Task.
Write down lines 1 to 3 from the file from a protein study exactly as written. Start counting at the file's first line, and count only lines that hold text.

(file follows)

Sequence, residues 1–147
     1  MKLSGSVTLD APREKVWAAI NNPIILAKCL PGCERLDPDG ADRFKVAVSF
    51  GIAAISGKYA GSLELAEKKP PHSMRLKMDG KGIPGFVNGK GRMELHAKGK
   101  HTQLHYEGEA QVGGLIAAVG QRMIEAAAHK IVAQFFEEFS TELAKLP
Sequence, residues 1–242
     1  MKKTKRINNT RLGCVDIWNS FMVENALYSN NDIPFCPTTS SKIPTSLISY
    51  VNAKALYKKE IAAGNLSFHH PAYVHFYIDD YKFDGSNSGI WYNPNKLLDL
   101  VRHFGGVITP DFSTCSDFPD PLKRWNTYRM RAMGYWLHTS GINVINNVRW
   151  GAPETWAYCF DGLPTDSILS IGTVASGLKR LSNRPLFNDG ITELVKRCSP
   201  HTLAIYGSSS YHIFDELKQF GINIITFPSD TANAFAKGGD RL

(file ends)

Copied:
Sequence, residues 1–147
     1  MKLSGSVTLD APREKVWAAI NNPIILAKCL PGCERLDPDG ADRFKVAVSF
    51  GIAAISGKYA GSLELAEKKP PHSMRLKMDG KGIPGFVNGK GRMELHAKGK